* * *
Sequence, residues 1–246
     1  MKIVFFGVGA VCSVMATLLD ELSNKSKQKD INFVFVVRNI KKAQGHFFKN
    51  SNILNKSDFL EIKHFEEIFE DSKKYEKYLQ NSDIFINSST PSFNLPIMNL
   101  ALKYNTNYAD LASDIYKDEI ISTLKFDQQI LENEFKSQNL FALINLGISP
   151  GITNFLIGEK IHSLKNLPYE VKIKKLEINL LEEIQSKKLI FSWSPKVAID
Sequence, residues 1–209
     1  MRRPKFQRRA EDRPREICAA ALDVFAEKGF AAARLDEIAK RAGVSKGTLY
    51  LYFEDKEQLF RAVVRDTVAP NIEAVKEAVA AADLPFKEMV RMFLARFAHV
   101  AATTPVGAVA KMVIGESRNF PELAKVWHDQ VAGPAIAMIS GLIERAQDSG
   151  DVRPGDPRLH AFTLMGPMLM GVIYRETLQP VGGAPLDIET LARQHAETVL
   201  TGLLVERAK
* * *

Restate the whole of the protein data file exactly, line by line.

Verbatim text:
Sequence, residues 1–246
     1  MKIVFFGVGA VCSVMATLLD ELSNKSKQKD INFVFVVRNI KKAQGHFFKN
    51  SNILNKSDFL EIKHFEEIFE DSKKYEKYLQ NSDIFINSST PSFNLPIMNL
   101  ALKYNTNYAD LASDIYKDEI ISTLKFDQQI LENEFKSQNL FALINLGISP
   151  GITNFLIGEK IHSLKNLPYE VKIKKLEINL LEEIQSKKLI FSWSPKVAID
Sequence, residues 1–209
     1  MRRPKFQRRA EDRPREICAA ALDVFAEKGF AAARLDEIAK RAGVSKGTLY
    51  LYFEDKEQLF RAVVRDTVAP NIEAVKEAVA AADLPFKEMV RMFLARFAHV
   101  AATTPVGAVA KMVIGESRNF PELAKVWHDQ VAGPAIAMIS GLIERAQDSG
   151  DVRPGDPRLH AFTLMGPMLM GVIYRETLQP VGGAPLDIET LARQHAETVL
   201  TGLLVERAK